The first exhibition of Pissarro’s work in Paris for nearly forty years, with seventy-five masterpieces, many of which haven’t been shown in Paris for decades, and eight paintings that have never been shown in France before.
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|Author||Claire Snollaerts Durand-Ruel, Christophe Duvivier|
|Number of pages||208|
|Language||Bilingue Français / English|
|Dimensions||285 x 220|
|Museum||Musée Marmottan Monet, Paris|
The monographic exhibition of the Franco-Danish painter Camille Pissarro, one of the founders of Impressionism, is on display at the Musée Marmottan Monet, Paris (from 23 February to 2 July 2017).
Around seventy-five of his works, initially displayed in major museums around the world, are brought together for this occasion. The public is invited to discover some of the most famous paintings of the 19th century, such as ‘Apple-picking’ and ‘The House of the Deaf Woman and the Belfry at Eragny’.
Camille Pissarro was a precursor of the impressionist movement and a dear friend of Claude Monet. A multilingual, politically active intellectual, we have him to thanks for allowing the work of Cézanne, Gauguin and Seurat to be properly appreciated. He helped train them and get them shown. Without Pissarro, impressionism would not be the artistic movement we know today.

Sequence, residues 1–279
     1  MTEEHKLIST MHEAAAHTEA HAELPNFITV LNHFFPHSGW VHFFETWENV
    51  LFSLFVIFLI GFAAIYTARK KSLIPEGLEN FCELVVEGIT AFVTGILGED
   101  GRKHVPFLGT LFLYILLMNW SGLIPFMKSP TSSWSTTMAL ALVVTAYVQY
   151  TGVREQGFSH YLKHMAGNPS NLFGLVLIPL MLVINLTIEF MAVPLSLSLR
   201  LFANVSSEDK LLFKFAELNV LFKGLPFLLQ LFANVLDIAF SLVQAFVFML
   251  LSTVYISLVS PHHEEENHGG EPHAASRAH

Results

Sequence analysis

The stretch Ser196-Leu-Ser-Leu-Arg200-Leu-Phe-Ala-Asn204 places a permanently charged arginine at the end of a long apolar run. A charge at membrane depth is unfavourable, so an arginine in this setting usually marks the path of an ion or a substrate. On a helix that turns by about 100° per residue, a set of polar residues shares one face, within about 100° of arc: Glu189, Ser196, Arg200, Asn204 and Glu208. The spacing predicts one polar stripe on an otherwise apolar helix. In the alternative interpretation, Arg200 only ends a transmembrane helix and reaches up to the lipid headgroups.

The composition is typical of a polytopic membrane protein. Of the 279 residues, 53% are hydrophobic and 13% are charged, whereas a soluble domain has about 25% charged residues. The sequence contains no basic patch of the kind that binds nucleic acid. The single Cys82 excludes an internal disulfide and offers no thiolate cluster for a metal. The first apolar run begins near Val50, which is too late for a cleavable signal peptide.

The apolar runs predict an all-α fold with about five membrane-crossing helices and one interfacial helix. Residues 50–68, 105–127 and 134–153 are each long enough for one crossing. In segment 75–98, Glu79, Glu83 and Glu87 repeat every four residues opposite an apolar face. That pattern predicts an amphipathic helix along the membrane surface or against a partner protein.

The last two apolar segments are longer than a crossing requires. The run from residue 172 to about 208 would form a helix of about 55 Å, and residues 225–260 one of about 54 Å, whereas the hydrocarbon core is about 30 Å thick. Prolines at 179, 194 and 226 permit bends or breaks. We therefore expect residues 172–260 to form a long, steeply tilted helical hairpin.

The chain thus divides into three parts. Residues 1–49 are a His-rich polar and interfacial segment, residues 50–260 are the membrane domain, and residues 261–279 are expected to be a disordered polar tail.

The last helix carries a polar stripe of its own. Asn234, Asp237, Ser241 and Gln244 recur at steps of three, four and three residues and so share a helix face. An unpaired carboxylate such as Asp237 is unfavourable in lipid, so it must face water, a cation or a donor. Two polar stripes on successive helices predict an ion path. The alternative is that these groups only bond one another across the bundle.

The exhibition manages to bring together many pieces that have rarely or never been shown in France, with a seven-part presentation organised around each period and subject:
– The early years, 1855-1865
– Pontoise, 1866-1868 and Louveciennes, 1869-1872
– Pontoise, 1872-1883
– Éragny-sur-Epte, 1884-1903
– Neo-impressionism, 1886-1890
– The ports of Normandy, 1883-1903
– Paris, 1893-1903
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